“Want evidence of fraud. In 70% of Wayne County, Detroit, there were PHANTOM VOTERS. There were more votes than registered voters. 120%, 150%, 200%, even 300%.”

— Former New York mayor Rudolph W. Giuliani, in a tweet on Nov. 22

Want evidence that the Trump legal team is not serious? When the top lawyer tweets out information that has already been thoroughly debunked, even in the conservative media.

The Facts

During Giuliani’s news conference on Thursday, he made similar claims about overvotes, which he said signaled many people voted twice.

“The overvote was so high, monstrously high in about two-thirds of the precincts in the city of Detroit, which means, magically, two and three times the number of registered voters turned out to vote,” he declared. “In fact, we have precincts in which two times the number of people who live there, including children, voted. That’s absurd.”

But the next day, Power Line, a conservative website, pointed out something very odd about the affidavit that made this claim. (It had been filed in a Georgia court case that has since been dismissed by a federal judge.) Under a blog post titled “Do Trump’s lawyers know what they are doing?” Power Line pointed out that the precincts that were listed in the affidavit were from Minnesota, not Michigan.

Someone had apparently mixed up two states that started with “Mi.” The precincts were not in Wayne County but in some of the reddest parts of Minnesota — Trump country.

That’s a pretty big error — one that the lawyer who filed the affidavit, L. Lin Wood, acknowledged in an email to PolitiFact. “We are imperfect,” he said.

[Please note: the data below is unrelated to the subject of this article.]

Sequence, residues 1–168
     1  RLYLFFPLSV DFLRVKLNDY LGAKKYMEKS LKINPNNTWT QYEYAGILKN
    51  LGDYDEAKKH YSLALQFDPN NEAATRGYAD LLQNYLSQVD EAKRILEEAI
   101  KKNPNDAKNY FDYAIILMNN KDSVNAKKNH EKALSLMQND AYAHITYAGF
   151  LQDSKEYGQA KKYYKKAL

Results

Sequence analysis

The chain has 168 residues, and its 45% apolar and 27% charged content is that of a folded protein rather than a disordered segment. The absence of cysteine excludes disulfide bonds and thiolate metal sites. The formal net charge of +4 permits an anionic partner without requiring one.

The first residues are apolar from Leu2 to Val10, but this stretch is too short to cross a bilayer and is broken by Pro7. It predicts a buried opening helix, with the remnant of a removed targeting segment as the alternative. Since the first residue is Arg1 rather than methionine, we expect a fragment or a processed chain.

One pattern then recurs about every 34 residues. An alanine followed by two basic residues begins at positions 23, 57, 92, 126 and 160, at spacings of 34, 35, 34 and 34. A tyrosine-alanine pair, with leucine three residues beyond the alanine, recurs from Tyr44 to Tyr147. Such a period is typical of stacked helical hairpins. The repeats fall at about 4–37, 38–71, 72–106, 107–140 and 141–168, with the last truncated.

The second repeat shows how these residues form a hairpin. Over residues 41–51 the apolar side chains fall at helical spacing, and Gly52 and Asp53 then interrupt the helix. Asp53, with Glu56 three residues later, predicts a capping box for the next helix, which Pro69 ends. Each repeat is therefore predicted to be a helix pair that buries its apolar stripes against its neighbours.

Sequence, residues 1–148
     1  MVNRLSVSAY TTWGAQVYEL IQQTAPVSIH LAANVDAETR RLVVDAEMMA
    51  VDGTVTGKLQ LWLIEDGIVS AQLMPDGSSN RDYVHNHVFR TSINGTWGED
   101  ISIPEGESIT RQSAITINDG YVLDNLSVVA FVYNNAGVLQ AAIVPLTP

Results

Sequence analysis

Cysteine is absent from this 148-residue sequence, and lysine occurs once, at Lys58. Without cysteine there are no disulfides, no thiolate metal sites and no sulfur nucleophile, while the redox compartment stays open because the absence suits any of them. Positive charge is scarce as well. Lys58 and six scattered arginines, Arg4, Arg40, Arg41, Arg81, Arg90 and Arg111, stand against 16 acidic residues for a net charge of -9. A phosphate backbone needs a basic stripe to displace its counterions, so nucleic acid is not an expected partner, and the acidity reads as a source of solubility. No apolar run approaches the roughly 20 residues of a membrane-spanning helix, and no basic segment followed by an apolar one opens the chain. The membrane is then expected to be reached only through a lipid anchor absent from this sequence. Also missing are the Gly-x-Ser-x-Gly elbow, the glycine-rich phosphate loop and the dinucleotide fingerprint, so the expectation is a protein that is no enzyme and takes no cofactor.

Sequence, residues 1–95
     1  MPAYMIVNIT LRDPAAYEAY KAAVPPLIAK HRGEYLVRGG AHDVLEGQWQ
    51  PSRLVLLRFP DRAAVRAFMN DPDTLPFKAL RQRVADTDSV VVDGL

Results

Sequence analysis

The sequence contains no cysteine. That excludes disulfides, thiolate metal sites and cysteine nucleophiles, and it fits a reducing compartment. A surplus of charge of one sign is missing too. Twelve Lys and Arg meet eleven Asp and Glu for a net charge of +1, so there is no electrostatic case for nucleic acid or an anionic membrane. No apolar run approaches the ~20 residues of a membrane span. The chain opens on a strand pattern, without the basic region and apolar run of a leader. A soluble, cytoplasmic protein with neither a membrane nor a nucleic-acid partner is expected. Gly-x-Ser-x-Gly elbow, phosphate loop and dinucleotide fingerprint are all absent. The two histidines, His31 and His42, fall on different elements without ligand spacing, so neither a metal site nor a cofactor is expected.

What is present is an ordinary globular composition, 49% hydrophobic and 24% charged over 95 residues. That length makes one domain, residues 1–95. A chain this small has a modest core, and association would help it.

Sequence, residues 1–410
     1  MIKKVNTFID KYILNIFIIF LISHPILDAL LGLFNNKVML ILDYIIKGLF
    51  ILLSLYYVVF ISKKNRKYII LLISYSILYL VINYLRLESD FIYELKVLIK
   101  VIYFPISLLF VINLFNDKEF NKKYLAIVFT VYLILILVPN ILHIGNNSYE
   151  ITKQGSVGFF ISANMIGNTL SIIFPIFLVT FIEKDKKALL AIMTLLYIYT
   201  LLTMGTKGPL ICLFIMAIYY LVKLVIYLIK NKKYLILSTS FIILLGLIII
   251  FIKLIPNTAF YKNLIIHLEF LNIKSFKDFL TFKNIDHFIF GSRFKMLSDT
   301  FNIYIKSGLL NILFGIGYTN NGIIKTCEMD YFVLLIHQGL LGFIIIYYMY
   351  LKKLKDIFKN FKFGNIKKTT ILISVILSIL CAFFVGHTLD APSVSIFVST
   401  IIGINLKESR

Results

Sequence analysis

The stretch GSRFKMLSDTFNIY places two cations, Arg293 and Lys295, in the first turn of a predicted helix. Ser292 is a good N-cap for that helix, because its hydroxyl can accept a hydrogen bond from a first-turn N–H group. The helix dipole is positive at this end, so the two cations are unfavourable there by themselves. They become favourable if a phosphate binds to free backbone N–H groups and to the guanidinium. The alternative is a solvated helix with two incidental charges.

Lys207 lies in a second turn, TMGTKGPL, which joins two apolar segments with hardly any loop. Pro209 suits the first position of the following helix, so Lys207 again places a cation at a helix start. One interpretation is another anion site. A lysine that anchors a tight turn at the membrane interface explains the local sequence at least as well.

Our colleague Aaron Blake further dug into the data and found that even in those Minnesota precincts, the data in the affidavit was off. Minnesota has same-day registration and very high turnout rates. Blake determined that the number of voters matched the number of votes cast. He speculated that the affidavit might have been relying upon incomplete “estimated voters” data from the Minnesota secretary of state in the days after the election.

Okay, that’s a second big error.

Finally, the affidavit has a quote from a Princeton University professor raising concerns about a particular type of Dominion voting machine, suggesting this was what was used in Wayne County. But Blake confirmed that the counties in Minnesota in question did not use Dominion machines. And Andrew Appel, the Princeton professor, wrote that Michigan also does not use the machine he warned about — and, in fact, uses paper ballots.

“The best solution is to use paper ballots, marked by hand, counted by computers, and recountable by hand,” Appel said. “Those computers might be hacked, but the ballots personally marked by the voters are the same pieces of paper that can be recounted by humans. That’s what Michigan does, along with more than 40 other states. That is the state-of-the-art most-secure-known way of conducting elections.”

So that’s the third big error.

And yet here is Giuliani, two days later, still touting the same bogus information, even after these embarrassing facts came to light. He did not respond to a request for comment (though he indicated with a “like” that he had received our text message).

The Pinocchio Test

The slapdash legal effort on behalf of the president is exemplified in this instance. Wild claims about Michigan were based on (1) a mix-up of two states, Michigan and Minnesota, (2) a misunderstanding of “estimated votes” and (3) a misidentification of voting machines used in Wayne County. Yet even after this comedy of errors was exposed, the president’s chief legal advocate shamefully continues to tout this fraudulent claim as “evidence” to more than 1 million followers on Twitter.

Giuliani apparently has given up on being a lawyer and turned to writing fiction. He earns Four Pinocchios.

Four Pinocchios

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